Ruth Madoff, the wife of Wall Street swindler Bernard Madoff, received $2m (£1.4m) in payments from the family's London business less than a month before his arrest, further drawing her finances into criminal investigations on both sides of the Atlantic.
The Serious Fraud Office in the UK yesterday characterised Madoff's London operation as "a cog in the giant washing machine", as it set out new details of how the former Nasdaq chairman ran his $65bn Ponzi scheme.
The SFO and the FBI in New York are each investigating who else might have known about Mr Madoff's illegal activities, which stretch back at least to the early 1990s. Mr Madoff claims he acted alone, and his wife has not been charged with any wrongdoing.
The $2m transfer to Mrs Madoff personally in late November was revealed yesterday by the SFO's Madoff case manager, Glyn Powell, in an update on the investigation.
At that time, her husband had been desperately seeking money to shore up his scheme. For decades, while pretending to be investing in the stock market, Mr Madoff had in fact been paying clients with the fresh money coming in from new investors. The scheme began collapsing last autumn as the new money dried up.
It emerged last month that Mrs Madoff also withdrew $5.5m from a brokerage account in the US at about the same time, and then took out another $10m on 10 December – the very day her husband made his confession.
Prosecutors in the US are seeking to seize property, including the couple's Manhattan penthouse and three other homes, which is held largely in Mrs Madoff's name. Mr Madoff, 70, was remanded in custody after pleading guilty to 11 charges earlier this month. Three counts of money laundering refer to the transatlantic transfers made between Madoff Investment Securities in New York and Madoff Securities International in London, which investigators believe were made to create the illusion of genuine investment activity and to boost profits at the share-trading arm of his business.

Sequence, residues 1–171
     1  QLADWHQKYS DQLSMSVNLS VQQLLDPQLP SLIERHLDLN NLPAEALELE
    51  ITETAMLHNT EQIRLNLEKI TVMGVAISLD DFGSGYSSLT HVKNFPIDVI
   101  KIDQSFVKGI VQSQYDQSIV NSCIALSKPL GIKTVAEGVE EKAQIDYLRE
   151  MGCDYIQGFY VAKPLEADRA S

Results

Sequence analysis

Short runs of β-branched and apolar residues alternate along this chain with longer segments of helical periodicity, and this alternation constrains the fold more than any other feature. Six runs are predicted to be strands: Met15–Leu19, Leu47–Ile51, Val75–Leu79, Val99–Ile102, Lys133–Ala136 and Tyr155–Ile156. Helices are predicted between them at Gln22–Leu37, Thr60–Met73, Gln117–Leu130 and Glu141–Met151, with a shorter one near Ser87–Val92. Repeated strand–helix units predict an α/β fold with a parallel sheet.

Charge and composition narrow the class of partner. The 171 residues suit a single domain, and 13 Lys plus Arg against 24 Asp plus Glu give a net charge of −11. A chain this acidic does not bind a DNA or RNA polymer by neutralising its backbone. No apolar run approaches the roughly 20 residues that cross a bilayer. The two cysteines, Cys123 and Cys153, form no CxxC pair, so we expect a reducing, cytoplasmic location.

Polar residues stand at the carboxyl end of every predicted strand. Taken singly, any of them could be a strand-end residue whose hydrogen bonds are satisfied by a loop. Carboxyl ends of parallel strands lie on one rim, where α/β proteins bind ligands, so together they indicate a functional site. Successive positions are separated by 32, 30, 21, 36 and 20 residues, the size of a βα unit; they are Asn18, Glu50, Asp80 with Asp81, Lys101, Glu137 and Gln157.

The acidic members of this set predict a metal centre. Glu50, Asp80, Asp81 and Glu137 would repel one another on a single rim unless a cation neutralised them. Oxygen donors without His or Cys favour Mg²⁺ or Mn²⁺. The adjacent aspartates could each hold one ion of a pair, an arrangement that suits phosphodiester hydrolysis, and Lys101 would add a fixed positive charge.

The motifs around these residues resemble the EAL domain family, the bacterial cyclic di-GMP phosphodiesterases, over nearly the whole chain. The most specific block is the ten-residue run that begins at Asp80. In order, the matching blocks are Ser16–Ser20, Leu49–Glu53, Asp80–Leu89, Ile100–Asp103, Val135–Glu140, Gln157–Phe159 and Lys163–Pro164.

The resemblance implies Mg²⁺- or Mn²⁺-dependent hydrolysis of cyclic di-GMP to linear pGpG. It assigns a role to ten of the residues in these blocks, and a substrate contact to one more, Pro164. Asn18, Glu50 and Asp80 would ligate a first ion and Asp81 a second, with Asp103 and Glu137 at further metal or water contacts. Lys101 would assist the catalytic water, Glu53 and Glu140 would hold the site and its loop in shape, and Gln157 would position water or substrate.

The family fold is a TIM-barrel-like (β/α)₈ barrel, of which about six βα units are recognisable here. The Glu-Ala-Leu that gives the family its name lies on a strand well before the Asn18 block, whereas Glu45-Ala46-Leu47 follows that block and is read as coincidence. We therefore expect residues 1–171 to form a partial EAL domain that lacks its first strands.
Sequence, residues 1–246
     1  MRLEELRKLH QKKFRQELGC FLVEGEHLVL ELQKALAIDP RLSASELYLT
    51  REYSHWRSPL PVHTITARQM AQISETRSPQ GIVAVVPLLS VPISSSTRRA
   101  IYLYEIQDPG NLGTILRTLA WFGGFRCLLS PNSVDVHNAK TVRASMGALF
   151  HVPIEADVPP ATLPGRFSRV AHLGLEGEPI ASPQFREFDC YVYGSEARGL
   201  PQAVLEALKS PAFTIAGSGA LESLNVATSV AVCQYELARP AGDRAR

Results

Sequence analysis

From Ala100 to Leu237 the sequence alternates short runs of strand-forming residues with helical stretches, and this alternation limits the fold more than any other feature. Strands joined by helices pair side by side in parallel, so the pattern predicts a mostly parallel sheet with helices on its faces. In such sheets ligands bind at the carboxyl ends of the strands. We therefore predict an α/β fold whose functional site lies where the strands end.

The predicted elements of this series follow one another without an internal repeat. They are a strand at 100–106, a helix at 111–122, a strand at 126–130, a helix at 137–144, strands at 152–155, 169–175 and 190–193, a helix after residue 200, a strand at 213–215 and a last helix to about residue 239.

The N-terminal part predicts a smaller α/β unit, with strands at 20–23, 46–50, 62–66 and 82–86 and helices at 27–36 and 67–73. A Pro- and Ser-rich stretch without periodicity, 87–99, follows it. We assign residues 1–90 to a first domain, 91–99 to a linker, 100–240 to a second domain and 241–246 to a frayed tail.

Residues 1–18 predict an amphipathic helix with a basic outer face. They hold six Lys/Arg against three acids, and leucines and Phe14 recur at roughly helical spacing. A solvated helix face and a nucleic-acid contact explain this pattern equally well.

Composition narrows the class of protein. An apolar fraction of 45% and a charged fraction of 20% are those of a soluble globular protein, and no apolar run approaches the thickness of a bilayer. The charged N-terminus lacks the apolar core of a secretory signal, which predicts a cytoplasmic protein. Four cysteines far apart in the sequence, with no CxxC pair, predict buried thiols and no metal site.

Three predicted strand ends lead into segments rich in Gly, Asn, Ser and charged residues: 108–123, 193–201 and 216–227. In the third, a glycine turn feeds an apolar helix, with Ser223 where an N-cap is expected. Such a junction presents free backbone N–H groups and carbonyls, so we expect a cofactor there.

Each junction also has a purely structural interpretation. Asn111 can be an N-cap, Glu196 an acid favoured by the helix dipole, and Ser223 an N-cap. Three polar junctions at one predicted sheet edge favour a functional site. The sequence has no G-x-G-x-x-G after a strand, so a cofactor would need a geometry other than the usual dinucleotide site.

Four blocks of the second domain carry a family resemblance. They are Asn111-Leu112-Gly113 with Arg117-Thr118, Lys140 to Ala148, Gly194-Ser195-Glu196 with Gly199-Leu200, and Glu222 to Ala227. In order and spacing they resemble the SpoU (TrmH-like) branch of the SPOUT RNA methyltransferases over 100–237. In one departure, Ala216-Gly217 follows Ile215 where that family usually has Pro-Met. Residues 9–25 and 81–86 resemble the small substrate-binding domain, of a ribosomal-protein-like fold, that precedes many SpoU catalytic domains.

"MSI UK played a significant role in the operation of Bernard Madoff's investment fraud," Mr Powell said yesterday. "It was a cog in the giant washing machine."
MSI claimed to be a legitimate business set up just to invest the Madoffs' own money. Its offices were in the Mayfair area of London, which is home to many hedge funds, and its traders were monitored by CCTV by Mr Madoff from New York. The investigation by the SFO is examining whether anyone in the London office knew, or should have known, that the Madoff enterprise was a fraud. Its officers say that there are still many unanswered questions but that their work is making fast progress and they expect that any charges will be filed before the end of this year.
To date, the only other person to have been charged anywhere in the world in connection with Mr Madoff's fraud is his auditor, David Friehling, who was freed on bail in New York earlier this month. Mr Friehling was paid up to $14,000 a month by Madoff, but only "pretended" to audit his business, according to legal filings.
Mrs Madoff agreed to a freeze on her assets when her husband was bailed. She has hired a separate lawyer to represent her, since she is a party to numerous lawsuits from aggrieved investors.
Mr Madoff's fraud is the largest in Wall Street's history, hitting 4,800 clients, including charities and Hollywood celebrities. It has humiliated the SEC, which repeatedly investigated fraud allegations against Madoff yet failed to uncover the fraud.